October 10, 2008

The Depth of the Exteriors - Part 1

The Depth of the Exteriors
Part 1: Wilber's Flatland

By Mark Edwards

This is the first part in a series of essays on Integral theory's treatment of the Right Hand exteriors of behavioral and social development. As always my intention in working through the following issues is to strengthen the internal consistency and overall validity of Integral Theory. Often my essays focus on rather minor aspects of the model, but sometimes they do look at central features of the Integral framework that have broad implications for its theoretical development and practical application. And this is particularly true for the present topic of the exteriors of development.

Ken Wilber, of course, has been the driving force behind all of the development of the Integral model thus far, and his works have always and continue to be an inspiration for me. To this point (to my knowledge) Ken is still the sole Integral thinker who focuses on the development of the theoretical framework of the model. As a consequence, my aim of critically clarifying and offering alternative views necessarily involves the specific critique of Wilber's writings. The ongoing targeting of critical comment towards Wilber's writings (always constructive though I hope) can become rather tiresome for me as I am sure it can for those who read these essays. But there seems no way around this issue, if my purpose in offering alternative ways of interpreting Integral Theory is to be pursued. If there were other Integral thinkers working on the theory side of the model (as opposed to its applied utilization in various fields, of which there are many), I would include their work in these critical essays as much as Wilber's. But, unfortunately, this isn't the case.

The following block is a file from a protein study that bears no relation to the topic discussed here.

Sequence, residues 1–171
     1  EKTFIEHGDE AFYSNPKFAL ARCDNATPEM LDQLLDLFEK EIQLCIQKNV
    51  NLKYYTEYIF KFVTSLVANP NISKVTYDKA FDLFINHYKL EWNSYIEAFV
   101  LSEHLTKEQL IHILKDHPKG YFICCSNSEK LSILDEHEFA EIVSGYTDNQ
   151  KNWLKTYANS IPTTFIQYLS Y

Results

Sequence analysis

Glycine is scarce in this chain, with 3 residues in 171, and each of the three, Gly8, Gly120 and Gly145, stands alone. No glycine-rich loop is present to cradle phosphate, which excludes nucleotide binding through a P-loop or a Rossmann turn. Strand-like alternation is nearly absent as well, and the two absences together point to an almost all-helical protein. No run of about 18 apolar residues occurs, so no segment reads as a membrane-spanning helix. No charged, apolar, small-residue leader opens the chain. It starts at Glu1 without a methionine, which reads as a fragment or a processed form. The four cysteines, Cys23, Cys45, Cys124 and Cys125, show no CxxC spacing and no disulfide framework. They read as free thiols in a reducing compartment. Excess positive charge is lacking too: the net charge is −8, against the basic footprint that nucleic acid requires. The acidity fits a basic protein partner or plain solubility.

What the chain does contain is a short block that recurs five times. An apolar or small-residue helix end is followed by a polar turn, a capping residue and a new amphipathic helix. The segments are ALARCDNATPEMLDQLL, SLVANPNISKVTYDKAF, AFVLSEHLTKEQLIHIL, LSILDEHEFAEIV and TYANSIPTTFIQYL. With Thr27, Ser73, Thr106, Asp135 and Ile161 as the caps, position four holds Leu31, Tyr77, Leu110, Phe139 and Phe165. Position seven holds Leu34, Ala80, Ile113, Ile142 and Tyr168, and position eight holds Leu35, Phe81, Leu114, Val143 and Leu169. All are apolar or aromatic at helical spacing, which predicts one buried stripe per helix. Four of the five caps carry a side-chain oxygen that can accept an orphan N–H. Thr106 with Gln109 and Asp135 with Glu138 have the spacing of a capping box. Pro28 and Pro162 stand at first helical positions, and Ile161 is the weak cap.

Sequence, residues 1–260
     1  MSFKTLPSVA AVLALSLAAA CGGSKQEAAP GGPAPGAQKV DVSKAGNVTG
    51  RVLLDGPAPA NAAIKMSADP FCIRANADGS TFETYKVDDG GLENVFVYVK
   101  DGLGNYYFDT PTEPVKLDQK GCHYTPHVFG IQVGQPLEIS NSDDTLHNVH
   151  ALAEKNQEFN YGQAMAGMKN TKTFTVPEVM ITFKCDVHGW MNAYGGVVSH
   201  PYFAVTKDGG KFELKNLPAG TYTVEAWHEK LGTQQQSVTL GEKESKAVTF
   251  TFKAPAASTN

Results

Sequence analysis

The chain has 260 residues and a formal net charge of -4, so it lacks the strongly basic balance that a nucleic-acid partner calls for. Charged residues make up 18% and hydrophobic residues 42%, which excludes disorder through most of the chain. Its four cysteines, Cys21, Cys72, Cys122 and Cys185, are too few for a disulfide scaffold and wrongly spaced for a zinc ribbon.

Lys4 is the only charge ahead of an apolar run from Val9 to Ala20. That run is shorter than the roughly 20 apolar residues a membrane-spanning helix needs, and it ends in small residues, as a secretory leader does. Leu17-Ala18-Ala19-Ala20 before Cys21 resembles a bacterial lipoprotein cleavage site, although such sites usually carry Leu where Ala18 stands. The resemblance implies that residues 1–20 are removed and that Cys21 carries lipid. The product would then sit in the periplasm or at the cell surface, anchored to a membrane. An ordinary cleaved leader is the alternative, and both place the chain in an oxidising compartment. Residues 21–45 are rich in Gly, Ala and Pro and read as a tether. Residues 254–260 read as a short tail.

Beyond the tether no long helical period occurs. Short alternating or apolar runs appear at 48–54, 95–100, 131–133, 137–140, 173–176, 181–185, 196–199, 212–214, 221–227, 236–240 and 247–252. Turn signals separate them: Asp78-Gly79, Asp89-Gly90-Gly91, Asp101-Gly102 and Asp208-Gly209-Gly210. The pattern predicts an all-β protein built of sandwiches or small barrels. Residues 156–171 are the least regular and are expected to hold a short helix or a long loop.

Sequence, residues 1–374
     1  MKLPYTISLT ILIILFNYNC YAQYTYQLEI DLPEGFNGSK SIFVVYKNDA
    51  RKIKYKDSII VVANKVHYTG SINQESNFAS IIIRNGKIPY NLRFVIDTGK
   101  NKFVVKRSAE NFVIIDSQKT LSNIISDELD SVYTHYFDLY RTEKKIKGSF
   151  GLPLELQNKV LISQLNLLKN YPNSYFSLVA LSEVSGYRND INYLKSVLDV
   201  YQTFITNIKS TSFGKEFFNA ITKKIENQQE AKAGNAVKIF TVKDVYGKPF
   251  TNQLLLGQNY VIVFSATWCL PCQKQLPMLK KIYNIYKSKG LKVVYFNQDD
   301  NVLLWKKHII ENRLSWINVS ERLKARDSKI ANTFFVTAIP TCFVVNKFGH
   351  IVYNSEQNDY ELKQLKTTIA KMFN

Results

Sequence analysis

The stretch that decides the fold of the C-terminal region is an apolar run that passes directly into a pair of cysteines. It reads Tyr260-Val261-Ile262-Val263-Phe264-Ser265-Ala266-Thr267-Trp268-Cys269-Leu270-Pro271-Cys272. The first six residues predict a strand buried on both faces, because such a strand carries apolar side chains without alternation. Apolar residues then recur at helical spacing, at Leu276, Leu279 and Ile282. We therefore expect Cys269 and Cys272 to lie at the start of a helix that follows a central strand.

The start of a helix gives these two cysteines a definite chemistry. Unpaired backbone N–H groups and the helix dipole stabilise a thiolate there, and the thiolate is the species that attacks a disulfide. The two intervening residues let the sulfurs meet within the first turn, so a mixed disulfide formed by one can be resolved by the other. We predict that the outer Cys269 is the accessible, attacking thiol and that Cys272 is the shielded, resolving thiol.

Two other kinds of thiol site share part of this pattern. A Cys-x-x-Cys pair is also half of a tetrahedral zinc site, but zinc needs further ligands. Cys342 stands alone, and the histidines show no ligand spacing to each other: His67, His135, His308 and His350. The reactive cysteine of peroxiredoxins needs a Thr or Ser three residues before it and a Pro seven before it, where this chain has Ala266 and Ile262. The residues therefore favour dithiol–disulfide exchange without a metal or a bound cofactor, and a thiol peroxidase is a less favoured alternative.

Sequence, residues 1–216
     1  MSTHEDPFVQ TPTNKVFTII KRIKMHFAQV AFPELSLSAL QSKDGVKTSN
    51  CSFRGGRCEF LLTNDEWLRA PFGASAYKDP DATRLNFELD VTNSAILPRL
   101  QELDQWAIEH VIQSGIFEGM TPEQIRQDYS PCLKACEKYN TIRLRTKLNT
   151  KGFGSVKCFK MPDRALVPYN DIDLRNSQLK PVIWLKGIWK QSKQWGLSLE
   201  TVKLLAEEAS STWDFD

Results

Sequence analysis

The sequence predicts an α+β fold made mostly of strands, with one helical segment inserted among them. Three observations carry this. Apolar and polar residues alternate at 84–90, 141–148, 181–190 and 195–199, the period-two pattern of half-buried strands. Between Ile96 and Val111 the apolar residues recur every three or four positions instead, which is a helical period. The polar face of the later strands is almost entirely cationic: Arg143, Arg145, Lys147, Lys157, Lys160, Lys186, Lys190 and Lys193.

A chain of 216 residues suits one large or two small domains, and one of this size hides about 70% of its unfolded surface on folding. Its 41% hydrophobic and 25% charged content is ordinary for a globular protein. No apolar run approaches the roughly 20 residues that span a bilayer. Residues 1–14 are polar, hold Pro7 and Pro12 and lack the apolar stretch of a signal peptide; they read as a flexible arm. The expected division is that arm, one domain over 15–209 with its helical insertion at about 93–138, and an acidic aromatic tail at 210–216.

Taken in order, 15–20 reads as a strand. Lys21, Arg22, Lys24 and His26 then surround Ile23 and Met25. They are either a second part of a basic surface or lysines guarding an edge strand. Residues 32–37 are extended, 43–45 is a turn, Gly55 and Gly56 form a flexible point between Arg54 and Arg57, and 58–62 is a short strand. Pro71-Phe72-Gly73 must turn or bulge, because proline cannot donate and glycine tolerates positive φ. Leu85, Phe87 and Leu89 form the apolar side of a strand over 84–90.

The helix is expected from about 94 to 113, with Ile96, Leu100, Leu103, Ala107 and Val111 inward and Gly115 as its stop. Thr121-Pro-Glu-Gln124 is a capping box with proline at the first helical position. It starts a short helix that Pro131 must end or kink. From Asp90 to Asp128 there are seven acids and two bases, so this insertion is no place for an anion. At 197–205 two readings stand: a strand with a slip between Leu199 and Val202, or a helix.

Those who do offer critiques of Wilber's writings, such as the contributors to the "Ken Wilber in Dialogue" book, Kirk Schneider, Albert Ellis, Andy Smith, and Jeff Meyerhoff (see Fischer, 1997 for an excellent, if rather out of date review article) almost always do so from outside of the model. These authors have their own theoretical models that they work from to comment on Wilber's ideas. However, I take a very different approach to these critics in that I work from within the Integral theory framework itself. I utilize Integral Theory concepts to consider the internal coherency of the Integral framework itself. I not only identify problematic aspects of the theory but I also try to show, as Michael Zimmerman puts it, "how integral theory has the resources needed to address the problems".

Typically, I try to reveal some aspect of the model I find unclear or problematic, trace this back to some interpretive inconsistency and offer alternative constructive suggestions for improving the coherency of the theory that is in accord with, what I believe to be, its definitive principles. And so it is with this present issue of exteriority and Wilber's treatment of the behavioral and social aspects of reality. This area of exteriority, behavior and social development is one of the most fundamental aspects of any over-arching model of reality. It has also been for me the topic where Wilber has articulated some of his most puzzling statements.

In this opening essay of this series on exteriors I will try to identify problematic aspects of Wilber's definition and conceptualization of holonic exteriors and of the Right Hand side of the AQAL model in general. In the following installments I will look at other depth models of the exteriors and finish with a alternative suggestion on how Integral Theory can better conceptualize the behavioral and social domains of existence.

Read More: Here

See Also: Part 2 / Part 3

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